Running with Dogs

running dog

Seeing the smile on your dog’s face as he bounds down the trail or road is one of life’s greatest joys. Their flapping ears, wagging tail, and sparkling brown eyes will always lighten my heart and lift my spirits. Having your furry best friend as your training partner who never complains, keeps pace with you, and never says a discouraging word can help you get through those tough miles.

One of the things we have to remember about our wet nosed training partner is that they are no different from us when it comes to building miles, resting, hydration, and fueling during a run.

I see a lot of people out there running long miles and I can only hope that they have laid down the foundation for those miles with their dogs. Sure, we can see when our dog is limping or lethargic, but if you get to that point you have pushed them too hard too soon. Of course, they never tell you that and they will always go out with you with enthusiasm, which is why we need to be mindful of their bodies as well as our own.

Follow the ten percent rule, carry water for them, and allow them rest days. This can be hard when you have been running for awhile and are much more advanced than they are, but if you want your furry friend along you just need to follow the same rules as you did for yourself when you started running.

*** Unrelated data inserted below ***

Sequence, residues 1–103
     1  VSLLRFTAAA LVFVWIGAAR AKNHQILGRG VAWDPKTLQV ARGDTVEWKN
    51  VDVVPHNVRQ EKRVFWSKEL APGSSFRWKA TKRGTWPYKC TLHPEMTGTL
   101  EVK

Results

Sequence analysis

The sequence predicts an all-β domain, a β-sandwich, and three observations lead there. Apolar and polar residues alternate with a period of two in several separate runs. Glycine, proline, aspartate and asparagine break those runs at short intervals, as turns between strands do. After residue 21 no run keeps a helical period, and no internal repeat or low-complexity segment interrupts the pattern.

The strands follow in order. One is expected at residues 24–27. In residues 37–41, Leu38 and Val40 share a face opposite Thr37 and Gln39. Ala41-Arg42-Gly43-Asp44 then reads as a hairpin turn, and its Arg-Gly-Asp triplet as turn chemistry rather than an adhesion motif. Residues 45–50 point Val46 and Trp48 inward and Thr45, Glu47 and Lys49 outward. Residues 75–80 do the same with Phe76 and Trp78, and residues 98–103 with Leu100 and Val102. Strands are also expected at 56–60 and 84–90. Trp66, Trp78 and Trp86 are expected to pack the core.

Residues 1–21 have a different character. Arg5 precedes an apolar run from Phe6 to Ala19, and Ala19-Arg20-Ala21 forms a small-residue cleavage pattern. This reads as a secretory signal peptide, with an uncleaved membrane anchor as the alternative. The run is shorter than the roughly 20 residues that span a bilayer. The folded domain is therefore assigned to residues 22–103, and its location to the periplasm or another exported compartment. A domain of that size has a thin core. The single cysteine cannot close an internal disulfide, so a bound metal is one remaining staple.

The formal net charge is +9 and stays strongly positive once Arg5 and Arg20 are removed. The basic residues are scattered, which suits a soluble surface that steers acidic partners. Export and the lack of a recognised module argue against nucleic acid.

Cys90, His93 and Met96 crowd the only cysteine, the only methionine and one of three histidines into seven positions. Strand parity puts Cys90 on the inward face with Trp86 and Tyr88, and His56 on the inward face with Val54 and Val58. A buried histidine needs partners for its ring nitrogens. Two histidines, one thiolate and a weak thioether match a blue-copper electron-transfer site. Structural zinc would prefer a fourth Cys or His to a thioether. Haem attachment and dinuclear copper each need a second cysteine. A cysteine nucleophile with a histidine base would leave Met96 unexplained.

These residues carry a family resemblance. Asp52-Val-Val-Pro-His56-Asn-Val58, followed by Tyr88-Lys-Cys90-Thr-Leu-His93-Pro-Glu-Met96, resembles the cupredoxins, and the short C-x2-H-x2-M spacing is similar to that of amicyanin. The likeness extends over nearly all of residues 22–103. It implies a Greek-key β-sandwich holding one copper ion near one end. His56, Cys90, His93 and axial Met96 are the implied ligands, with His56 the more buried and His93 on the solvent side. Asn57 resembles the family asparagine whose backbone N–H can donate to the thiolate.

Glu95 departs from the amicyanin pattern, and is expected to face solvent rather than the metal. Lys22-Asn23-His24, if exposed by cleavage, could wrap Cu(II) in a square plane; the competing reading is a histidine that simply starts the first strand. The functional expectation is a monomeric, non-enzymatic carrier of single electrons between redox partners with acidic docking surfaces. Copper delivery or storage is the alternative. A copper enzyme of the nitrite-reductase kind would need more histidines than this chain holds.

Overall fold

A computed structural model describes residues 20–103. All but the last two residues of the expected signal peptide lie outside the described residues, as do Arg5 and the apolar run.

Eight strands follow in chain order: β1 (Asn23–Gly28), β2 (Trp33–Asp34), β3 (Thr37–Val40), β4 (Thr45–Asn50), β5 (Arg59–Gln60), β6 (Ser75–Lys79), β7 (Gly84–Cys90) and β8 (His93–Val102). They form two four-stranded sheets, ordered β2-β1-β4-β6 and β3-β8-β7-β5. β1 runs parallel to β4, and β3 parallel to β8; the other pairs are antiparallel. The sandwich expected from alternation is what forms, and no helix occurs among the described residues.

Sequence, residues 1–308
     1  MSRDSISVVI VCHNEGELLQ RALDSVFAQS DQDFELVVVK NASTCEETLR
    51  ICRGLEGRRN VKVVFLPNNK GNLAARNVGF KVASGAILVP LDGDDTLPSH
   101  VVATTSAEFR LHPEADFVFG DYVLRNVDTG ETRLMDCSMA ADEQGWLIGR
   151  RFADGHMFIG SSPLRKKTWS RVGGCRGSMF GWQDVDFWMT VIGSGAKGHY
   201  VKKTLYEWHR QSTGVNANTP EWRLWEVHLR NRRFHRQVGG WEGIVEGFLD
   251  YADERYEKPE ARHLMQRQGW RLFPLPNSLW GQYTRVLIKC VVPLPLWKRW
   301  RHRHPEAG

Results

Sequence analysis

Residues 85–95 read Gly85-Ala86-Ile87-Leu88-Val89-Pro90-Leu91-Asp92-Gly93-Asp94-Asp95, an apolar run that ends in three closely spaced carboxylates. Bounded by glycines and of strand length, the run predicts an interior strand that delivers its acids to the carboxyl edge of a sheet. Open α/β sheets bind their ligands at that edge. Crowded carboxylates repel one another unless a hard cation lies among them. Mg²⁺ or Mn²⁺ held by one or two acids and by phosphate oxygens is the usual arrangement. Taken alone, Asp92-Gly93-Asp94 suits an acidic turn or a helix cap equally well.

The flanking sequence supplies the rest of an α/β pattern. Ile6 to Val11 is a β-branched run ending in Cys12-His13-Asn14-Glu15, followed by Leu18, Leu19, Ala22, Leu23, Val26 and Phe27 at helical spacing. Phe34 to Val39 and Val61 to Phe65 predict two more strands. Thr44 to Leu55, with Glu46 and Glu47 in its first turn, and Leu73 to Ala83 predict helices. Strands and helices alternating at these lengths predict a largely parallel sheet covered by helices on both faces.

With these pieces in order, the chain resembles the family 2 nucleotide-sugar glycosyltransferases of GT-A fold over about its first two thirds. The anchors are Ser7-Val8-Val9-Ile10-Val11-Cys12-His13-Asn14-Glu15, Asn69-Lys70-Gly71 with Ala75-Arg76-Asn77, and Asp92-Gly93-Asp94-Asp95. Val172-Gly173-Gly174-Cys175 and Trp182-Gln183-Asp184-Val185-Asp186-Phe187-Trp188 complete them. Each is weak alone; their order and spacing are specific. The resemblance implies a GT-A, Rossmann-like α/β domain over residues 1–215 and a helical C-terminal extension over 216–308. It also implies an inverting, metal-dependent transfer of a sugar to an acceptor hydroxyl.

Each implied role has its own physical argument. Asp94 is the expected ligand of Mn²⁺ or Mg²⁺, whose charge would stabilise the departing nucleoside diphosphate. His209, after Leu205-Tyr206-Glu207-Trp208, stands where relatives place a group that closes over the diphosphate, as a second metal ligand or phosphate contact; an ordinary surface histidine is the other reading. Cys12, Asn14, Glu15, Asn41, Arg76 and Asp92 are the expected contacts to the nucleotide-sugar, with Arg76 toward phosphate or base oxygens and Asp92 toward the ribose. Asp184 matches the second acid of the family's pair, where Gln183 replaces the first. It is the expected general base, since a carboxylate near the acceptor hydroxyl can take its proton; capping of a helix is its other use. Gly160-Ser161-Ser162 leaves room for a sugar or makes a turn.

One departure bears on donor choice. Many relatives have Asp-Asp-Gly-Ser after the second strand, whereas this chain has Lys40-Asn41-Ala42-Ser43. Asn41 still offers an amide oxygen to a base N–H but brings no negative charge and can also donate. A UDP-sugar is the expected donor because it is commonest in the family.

Since they don’t have shoes, you should be checking their paws for any stickers, dirt, or cracks. If you are running on roads or sand, make sure it’s not burning your dog’s paws. Dogs can get sunburned too, spray on sun block is much easier to apply than lotion. Bug spray will help keep mosquitos and ticks off. Definitely, keep them on a heartworm prevention medication.

You can get a collapsible bowl for their water, and there are packs for them to carry their own gear. Keep in mind that dogs don’t sweat, they pant. You may need to let them lay in the shade for a few minutes or in a cold stream to prevent them from overheating especially for our dark furred friends.

Stay up on your dog’s veterinary appointments making sure they have a clean bill of health. Inquire about a high-energy food for your dog and make sure you tell the vet how many miles they are running and what type of miles, trail verses roads. This will help your vet know what to look for with your dog.

There are some breeds who are better runners than others. A dog with long legs and sleek short coat are going to have an easier time than short and stout. A heavy fur coat is probably not the best choice. Pick a dog with a lot of energy who is friendly to both other dogs and people because you will encounter both while running.

Dogs can be trained to stop and sit when they find a snake on the trail or another threat to both your safety and theirs.

I’ve read articles that recommend limiting the amount of miles your dog runs to a half marathon, but I’ve seen happy healthy dogs complete as many as 50 miles. Again, if falls back on training and taking care of your dog’s healthy as you would for yourself or a human child.